Most car firms like to leave a gap between their new models. But having taken nearly ten years to get going, Rivian is clearly in something of a hurry. Not 24hrs after revealing its first attempt - yesterday's R1T pick-up truck - the startup has unveiled its second: the R1S.
This time around it's an SUV (obvs) and there's good reason for its appearance hot on the heels of its sibling. Firstly, because it's the LA Auto Show tomorrow, where Rivian is doubtless expecting to make a splash, and secondly, because it shows off the flexibility of the manufacturer's 'skateboard' architecture.
Like its pick-up sibling, the R1S uses a four-motor electric drivetrain to produce a combined output of up to 765hp and 826lb ft of torque, enabling a three second 0-60mph time and sub-seven second 0-100mph time. But without the requirement for a flatbed at its rear, the R1S is more compact and has a 25mm shorter wheelbase. While a 5,040mm gap between the axles still leaves it firmly rooted in Range Rover territory, it does at least help the smaller SUV to go further on one charge.
Rivian claims the R1S offers up to 420 miles of range before it needs to pay a visit to the socket, which leaves it 20 miles better off than the pick-up. Of course, that figure is only possible when the SUV uses a range-topping 180kWh battery, but even the entry-level 105kWh and mid-spec 130kWh version offer 240 and 310 miles respectively.
But R1S is also about going off-road. Rivian therefore thinks it's found a niche in the market and it has developed the chassis and four-motor drivetrain with the rough stuff specifically in mind. With drive at each corner there's no need for torque-splitting differentials in Rivian's models, allowing each wheel to work completely independently from the other. The American company thinks this design layout trumps the ability of more complicated mechanical drivetrains attempting to offer the same thing. Which is bold.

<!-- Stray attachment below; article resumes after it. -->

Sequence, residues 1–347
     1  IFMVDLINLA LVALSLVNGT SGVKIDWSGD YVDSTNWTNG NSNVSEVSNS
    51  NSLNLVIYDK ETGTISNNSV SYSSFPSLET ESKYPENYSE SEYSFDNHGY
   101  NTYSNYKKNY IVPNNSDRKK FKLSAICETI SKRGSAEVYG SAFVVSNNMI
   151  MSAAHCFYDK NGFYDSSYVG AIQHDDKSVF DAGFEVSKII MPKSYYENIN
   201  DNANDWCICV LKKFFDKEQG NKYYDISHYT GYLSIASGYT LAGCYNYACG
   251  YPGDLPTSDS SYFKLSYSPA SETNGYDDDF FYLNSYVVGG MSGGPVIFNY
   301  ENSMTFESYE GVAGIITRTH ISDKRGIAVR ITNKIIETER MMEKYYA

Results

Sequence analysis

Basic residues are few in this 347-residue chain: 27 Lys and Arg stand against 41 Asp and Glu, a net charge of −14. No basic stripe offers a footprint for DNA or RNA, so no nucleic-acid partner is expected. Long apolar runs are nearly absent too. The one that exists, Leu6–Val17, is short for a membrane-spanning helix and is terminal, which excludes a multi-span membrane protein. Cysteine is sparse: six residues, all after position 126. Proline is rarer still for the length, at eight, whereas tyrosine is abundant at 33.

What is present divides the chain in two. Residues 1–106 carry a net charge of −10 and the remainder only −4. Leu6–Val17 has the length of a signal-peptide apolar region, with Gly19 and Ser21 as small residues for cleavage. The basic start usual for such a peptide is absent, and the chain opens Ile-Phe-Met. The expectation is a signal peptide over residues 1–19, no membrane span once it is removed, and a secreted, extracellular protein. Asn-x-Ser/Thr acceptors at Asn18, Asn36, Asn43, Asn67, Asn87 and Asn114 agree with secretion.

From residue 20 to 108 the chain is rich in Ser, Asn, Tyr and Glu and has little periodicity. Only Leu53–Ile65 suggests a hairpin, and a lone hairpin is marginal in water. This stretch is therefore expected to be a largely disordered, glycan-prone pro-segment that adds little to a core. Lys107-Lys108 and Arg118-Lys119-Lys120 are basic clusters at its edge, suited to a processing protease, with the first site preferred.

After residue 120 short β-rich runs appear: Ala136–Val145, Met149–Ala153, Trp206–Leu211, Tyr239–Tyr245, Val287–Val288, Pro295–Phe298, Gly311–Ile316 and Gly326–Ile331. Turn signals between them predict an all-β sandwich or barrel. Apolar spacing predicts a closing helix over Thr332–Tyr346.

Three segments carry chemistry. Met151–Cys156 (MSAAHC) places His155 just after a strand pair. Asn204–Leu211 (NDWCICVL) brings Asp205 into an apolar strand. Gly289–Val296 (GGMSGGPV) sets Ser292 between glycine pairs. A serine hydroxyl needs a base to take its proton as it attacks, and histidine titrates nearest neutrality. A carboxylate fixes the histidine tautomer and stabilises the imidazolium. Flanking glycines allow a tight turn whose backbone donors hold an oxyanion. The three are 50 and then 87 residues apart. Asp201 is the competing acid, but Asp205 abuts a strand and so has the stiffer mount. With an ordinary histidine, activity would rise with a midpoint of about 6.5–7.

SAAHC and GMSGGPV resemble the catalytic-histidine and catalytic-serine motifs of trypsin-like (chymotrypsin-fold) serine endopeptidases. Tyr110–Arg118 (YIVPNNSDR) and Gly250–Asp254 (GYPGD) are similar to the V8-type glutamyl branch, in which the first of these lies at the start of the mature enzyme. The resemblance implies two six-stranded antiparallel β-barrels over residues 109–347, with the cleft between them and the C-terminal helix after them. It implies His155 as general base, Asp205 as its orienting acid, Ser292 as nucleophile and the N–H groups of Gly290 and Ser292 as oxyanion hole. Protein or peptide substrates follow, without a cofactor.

Traction is only part of the equation, of course. To ensure robustness on the rough stuff, the R1S and R1T both have flat floors reinforced with carbon fibre and Kevlar to protect their batteries. Evidence of this design's effectiveness comes with five-star crash test safety ratings in the US.
The R1S obviously sacrifices load space with the loss of a flat bed at the back, but it retains a vacant bonnet space as a front boot offering 330 litres of storage space. Rivian says on-road handling is also improved by R1S's low centre of gravity and independent all-wheel drive, suggesting the Porsche Cayenne could be under threat from this new breed of plug-fed SUV in more ways than one.
We won't know for sure until 2021, when the R1S is planned for launch, a year after the R1T reaches roads (Rivian says the models are due in Britain a year after their North American introductions). But for a newcomer company like this, even one that's been quietly working on its models out of the spotlight since 2009, this is shaping up to be one heck of a market entrance.